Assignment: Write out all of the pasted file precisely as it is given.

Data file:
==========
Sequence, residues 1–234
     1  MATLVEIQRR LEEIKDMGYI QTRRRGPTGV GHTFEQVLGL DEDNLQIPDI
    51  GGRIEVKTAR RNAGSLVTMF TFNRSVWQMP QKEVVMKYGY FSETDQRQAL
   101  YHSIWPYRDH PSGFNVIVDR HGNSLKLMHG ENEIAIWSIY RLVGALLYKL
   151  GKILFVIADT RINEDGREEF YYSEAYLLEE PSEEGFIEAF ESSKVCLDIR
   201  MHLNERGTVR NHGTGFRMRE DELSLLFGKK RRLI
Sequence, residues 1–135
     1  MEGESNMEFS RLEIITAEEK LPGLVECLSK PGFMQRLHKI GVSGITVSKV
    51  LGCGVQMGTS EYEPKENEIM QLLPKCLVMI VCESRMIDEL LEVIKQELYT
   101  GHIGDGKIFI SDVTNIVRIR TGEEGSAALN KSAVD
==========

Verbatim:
Sequence, residues 1–234
     1  MATLVEIQRR LEEIKDMGYI QTRRRGPTGV GHTFEQVLGL DEDNLQIPDI
    51  GGRIEVKTAR RNAGSLVTMF TFNRSVWQMP QKEVVMKYGY FSETDQRQAL
   101  YHSIWPYRDH PSGFNVIVDR HGNSLKLMHG ENEIAIWSIY RLVGALLYKL
   151  GKILFVIADT RINEDGREEF YYSEAYLLEE PSEEGFIEAF ESSKVCLDIR
   201  MHLNERGTVR NHGTGFRMRE DELSLLFGKK RRLI
Sequence, residues 1–135
     1  MEGESNMEFS RLEIITAEEK LPGLVECLSK PGFMQRLHKI GVSGITVSKV
    51  LGCGVQMGTS EYEPKENEIM QLLPKCLVMI VCESRMIDEL LEVIKQELYT
   101  GHIGDGKIFI SDVTNIVRIR TGEEGSAALN KSAVD